Up until I was contacted by Nordic Foods to create and photograph a Swedish recipe, my understanding of Swedish cuisine was, embarrassingly, this:
I know. I’m the worst.
Clearly, Swedish cuisine warranted a little more research on my behalf. Because if it wasn’t the Swedish Chef, I could also talk about Ikea meatballs! Or, no.
In any case, I began this project knowing little to nothing of Swedish cuisine, and since then, I have to say I’ve become quite a fan. The Swedes are a foraging, hunting, fresh-food supporting crew, and I loved tinkering around with ideas and inspiration in preparation for this post.
Since I’ve always been a bit of a rabid fan of creperies (and who doesn’t love a place dedicated to making crepes and only crepes?), I was thrilled to see that the Swedes have their own version of the world’s loveliest pancake. And, even better, it’s called a “Pannkakor”, otherwise known as the coolest word ever for “pancake”.
Pannkakor is slightly thicker than a French-style crepe, and is usually served with sour cream and lingonberry jam. Since I’m currently visiting family in Northern Michigan and unable to get my hands on lingonberries (a tart, juicy berry indigenous to the Nordic cuisine that is not widely available in The Middle of Nowhere, Michigan) I made do with blackberries and made a thick, vanilla scented jam. Smeared on a pannkakor and sprinkled with powdered sugar, I ate five pancakes before dinner and then wasn’t hungry for healthy food. Smart.
I couldn’t find a recipe that really jived well with the blackberry jam at first. The first batch I created was a little too sweet, with not enough depth. This was solved by switching out some of the white sugar for dark brown sugar, which ended up giving the pannkakor a deeper, more nuanced flavor, not to mention helped them toast to a better shade of mottled brown. Therefore, that brown sugar in the final recipe is essential, and I don’t recommend skipping it.
At the end, I’m thrilled to have been asked to delve more into an unknown cuisine and discover something more about Sweden. After all, it’s a country that not only brought me the trendy particleboard furniture currently decorating most of my apartment, but inspired my favorite Muppet and created these incredible pancakes. You’re not so bad yourself, Sweden.
How to Make Swedish Pancakes (Pannkakor) ? the most delicious pancake recipe you can eat for breakfast in the morning
- 2 eggs
- 1 teaspoon sour cream
- 1 cup milk
- 2 tablespoons butter, melted
- 3 tablespoons white sugar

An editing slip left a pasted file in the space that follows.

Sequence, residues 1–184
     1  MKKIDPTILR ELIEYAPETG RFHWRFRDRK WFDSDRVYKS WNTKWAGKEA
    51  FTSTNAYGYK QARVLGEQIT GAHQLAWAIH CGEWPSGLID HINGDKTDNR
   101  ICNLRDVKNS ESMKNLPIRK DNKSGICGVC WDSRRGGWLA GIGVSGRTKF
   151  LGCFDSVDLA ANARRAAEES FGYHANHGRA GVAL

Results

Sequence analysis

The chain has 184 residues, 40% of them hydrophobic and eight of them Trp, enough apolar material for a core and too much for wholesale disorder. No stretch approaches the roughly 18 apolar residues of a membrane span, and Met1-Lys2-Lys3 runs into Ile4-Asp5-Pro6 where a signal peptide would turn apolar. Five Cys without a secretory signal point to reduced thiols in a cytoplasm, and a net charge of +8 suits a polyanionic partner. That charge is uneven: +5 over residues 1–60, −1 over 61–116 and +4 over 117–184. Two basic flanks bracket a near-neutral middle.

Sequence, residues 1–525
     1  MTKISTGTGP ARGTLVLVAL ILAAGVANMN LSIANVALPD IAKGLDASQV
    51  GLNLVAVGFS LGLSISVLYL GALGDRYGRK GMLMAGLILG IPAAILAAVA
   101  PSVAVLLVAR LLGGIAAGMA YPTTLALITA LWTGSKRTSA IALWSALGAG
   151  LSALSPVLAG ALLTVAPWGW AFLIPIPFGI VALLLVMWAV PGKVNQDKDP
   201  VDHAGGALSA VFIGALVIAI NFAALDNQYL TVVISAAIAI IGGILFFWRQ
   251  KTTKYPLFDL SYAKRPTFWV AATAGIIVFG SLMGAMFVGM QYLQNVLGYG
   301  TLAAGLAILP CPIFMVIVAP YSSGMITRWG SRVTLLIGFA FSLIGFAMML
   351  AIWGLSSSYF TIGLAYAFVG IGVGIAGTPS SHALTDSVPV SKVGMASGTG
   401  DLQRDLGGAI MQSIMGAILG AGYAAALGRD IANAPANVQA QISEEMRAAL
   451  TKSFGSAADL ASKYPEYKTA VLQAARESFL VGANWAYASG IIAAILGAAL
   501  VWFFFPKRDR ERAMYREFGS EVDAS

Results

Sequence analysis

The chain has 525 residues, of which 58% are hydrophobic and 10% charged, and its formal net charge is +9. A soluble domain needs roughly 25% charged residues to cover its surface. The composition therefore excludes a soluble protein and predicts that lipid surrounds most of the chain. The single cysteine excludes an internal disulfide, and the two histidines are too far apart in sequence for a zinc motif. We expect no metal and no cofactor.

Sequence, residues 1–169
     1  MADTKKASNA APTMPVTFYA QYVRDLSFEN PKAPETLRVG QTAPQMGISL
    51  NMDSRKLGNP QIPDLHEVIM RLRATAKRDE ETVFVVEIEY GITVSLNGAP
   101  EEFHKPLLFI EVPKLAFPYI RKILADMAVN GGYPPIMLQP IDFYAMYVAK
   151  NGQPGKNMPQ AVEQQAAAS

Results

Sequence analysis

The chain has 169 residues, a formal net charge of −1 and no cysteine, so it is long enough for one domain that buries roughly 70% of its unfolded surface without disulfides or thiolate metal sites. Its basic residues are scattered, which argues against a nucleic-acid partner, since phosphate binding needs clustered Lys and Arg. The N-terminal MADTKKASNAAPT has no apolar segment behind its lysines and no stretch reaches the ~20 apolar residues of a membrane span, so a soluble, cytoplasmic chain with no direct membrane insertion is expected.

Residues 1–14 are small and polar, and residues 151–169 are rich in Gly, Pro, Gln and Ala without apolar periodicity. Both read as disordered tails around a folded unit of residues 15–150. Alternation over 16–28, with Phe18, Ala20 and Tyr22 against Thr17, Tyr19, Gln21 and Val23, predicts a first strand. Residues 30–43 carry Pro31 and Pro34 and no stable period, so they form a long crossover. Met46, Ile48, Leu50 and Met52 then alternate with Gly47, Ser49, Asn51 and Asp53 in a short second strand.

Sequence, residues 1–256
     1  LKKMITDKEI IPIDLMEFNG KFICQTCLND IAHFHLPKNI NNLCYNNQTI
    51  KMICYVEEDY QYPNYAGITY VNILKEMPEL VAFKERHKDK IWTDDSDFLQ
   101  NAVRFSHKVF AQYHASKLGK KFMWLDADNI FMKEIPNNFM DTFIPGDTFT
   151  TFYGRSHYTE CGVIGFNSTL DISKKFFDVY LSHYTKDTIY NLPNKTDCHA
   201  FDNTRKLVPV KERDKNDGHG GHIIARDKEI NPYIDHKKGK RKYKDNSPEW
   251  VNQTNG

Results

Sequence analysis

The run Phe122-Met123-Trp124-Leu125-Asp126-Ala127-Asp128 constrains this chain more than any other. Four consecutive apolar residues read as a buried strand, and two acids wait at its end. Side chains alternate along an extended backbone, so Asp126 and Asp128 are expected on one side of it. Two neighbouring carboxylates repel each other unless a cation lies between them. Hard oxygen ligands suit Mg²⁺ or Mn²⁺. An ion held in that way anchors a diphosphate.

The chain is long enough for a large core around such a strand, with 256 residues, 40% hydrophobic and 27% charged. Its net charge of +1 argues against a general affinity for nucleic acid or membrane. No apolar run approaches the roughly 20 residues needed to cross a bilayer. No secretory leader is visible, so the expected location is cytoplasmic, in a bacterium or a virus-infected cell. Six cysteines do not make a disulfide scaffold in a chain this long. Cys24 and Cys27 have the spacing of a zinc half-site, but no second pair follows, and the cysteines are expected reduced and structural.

- 1 tablespoons dark brown sugar
- 3/4 cup white flour
- 1 pinch of salt
- 1 tablespoons butter
- 1 quart fresh blackberries
- 1/4 cup sugar
- 1 tablespoon vanilla extract
- 1 cinnamon stick
Whisk together the eggs, sour cream milk and butter until thoroughly combined, then add the sugars and stir to dissolve.
Sift the flour and the salt together, then slowly add the wet ingredients to the dry, mixing with a whisk only until all the ingredients are incorporated. Make sure not to overbeat the batter, as this can toughen the pancakes.
Heat a small, non-stick saucepan over high heat. Add a small pat of butter, swirling it around to coat the bottom of the pan. Pour in a little batter (I found about 1/3 of a cup was perfect) and tilt the pan so that the batter evens out. Using a spatula, gently lift the pancake away from the sides of the pan, pushing the spatula a little more underneath the pancake each time. Be careful doing this- you don’t want the pancake to break, and the spatula will only slide cleanly underneath if the pancake has cooked through. Carefully flip the pancake and toast the other side, then transfer onto a plate and allow to cool slightly. Do this until all the batter is gone.
The pancakes will keep for up to two days if covered in plastic wrap and stored in the refrigerator.
Melt the butter and vanilla together in the bottom of a heavy pot, over medium heat. Add the cinnamon stick and sugar and stir to slightly dissolve the sugar. Add the blackberries and bring the mixture to a boil, stirring frequently to make sure nothing sticks to the bottom of the pot.
Once the jam has boiled, bring it back down to a simmer and allow it to cook, uncovered, for about 20 minutes to half an hour. Stir often, breaking the blackberries up with the spoon as you go.
To test if the jam is ready, drop a spoonful onto a bowl or small plate, and place in the freezer for about ten minutes. the jam is ready if the spoonful jiggles when removed from the freezer. If it’s not ready, cook another 10 minutes and test again.
When the jam is cooked, remove the cinnamon stick and transfer the contents of the pot to a glass jar. If you’re canning the jam, now is the time to process the jar. If not, chill the jam, covered, for at least one hour before use.